Rep. Clinton Collamore, D-Waldoboro, holds up a mold link to illustrate a point about regulations on lobstermen during a candidate forum in Damariscotta on Oct. 13, 2022. Credit: Bisi Cameron Lee / Lincoln County News

AUGUSTA, Maine — The Maine lawmaker facing signature fraud charges has gotten nearly $8,000 in taxpayer-funded salary and benefits since his indictment, and he will get more if he stays in office through this month.

Rep. Clinton Collamore, D-Waldoboro, has been silent since House Speaker Rachel Talbot Ross, D-Portland, called on him to resign when news of his Dec. 15 indictment broke last month. While she removed him from a legislative committee, she has not begun the formal process of removing him from the chamber, something that requires a two-thirds vote.

Collamore has not shown up for work in Augusta since his indictment became public. He will be arraigned Thursday in Wiscasset on 20 felony charges and more than a dozen misdemeanor ones for allegedly defrauding Maine’s taxpayer-funded campaign system.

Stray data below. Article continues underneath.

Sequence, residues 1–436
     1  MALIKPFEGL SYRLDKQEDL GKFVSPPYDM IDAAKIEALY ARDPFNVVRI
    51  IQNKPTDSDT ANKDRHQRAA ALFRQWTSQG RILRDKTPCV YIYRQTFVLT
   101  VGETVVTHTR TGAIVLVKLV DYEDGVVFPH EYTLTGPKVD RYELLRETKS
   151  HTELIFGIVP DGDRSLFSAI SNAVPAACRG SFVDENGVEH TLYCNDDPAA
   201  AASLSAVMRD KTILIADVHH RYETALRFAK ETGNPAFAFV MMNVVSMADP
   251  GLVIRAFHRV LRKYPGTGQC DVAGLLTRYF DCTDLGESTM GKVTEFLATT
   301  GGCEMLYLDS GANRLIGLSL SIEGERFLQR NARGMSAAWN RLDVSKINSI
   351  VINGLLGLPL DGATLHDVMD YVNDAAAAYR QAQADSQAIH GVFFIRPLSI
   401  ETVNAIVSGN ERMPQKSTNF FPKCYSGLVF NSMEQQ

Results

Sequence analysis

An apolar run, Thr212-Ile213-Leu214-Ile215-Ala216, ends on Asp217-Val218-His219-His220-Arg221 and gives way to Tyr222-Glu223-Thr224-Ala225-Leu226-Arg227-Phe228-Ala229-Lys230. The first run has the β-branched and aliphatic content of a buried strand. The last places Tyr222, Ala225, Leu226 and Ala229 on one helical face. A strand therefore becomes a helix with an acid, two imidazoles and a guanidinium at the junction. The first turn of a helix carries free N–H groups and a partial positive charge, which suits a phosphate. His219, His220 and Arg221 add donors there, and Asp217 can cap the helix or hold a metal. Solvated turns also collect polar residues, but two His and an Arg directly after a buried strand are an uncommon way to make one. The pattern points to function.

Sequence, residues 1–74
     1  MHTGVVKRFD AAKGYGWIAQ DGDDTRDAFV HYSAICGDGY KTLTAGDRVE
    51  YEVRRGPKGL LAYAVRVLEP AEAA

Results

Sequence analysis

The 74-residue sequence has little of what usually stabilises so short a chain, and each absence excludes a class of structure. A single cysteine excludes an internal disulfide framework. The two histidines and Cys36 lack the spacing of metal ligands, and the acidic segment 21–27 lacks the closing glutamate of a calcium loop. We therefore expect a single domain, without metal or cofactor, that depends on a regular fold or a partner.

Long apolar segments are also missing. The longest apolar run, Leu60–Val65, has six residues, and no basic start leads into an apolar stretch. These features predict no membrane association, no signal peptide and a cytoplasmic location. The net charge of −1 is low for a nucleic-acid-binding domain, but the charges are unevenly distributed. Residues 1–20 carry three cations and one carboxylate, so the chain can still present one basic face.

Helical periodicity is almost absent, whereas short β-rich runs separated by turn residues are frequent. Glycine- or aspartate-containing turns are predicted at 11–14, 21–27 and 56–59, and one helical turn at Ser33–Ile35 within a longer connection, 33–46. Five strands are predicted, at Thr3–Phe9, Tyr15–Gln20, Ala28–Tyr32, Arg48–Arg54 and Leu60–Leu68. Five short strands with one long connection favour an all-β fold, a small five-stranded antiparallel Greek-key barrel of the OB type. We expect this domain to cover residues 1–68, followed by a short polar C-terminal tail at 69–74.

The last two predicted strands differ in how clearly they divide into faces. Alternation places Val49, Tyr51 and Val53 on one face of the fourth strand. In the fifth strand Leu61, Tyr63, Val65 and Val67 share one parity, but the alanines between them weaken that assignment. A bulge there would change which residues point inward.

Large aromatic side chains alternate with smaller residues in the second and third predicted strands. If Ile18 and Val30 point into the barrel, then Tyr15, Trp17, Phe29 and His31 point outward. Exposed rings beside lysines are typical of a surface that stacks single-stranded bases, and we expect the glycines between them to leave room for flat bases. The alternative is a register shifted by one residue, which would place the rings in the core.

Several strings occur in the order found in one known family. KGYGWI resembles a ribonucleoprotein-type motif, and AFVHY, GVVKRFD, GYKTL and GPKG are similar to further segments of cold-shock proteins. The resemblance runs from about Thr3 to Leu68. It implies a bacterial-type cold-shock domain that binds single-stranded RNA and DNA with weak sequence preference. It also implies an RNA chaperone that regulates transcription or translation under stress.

While House rules bar members from missing two consecutive days of work without excuses, there are no consequences outside of losing speaking privileges on the floor. Collamore will keep getting his legislative salary and associated benefits as long as he stays in office.

Since mid-December, he has earned $5,415, including a payment going out Wednesday, Suzanne Gresser, the Legislature’s executive director, said. The next payment of $1,354 goes out March 1. He has also collected a $1,300 constituent services allowance, and taxpayers have shelled out $945 for health insurance and $194 for mileage or tolls.

The freshman lawmaker was charged after an investigation by Maine’s campaign finance watchdog found that more than 30 signatures on forms he used to qualify for the state’s Clean Election program were fraudulent. Collamore got $14,000 to campaign for office through the publicly funded program, beating Republican Lynn Madison, also of Waldoboro, by just over 300 votes.

Neither Collamore nor his lawyer, Richard Elliott of Boothbay Harbor, answered calls seeking comment on Tuesday morning. A spokesperson for Talbot Ross also did not answer questions on the embattled lawmaker. The speaker has not commented on the matter since imploring Collamore to resign.

Michael Shepherd

Michael Shepherd joined the Bangor Daily News in 2015 after three years as a reporter at the Kennebec Journal. A Hallowell native who now lives in Augusta, he graduated from the University of Maine in...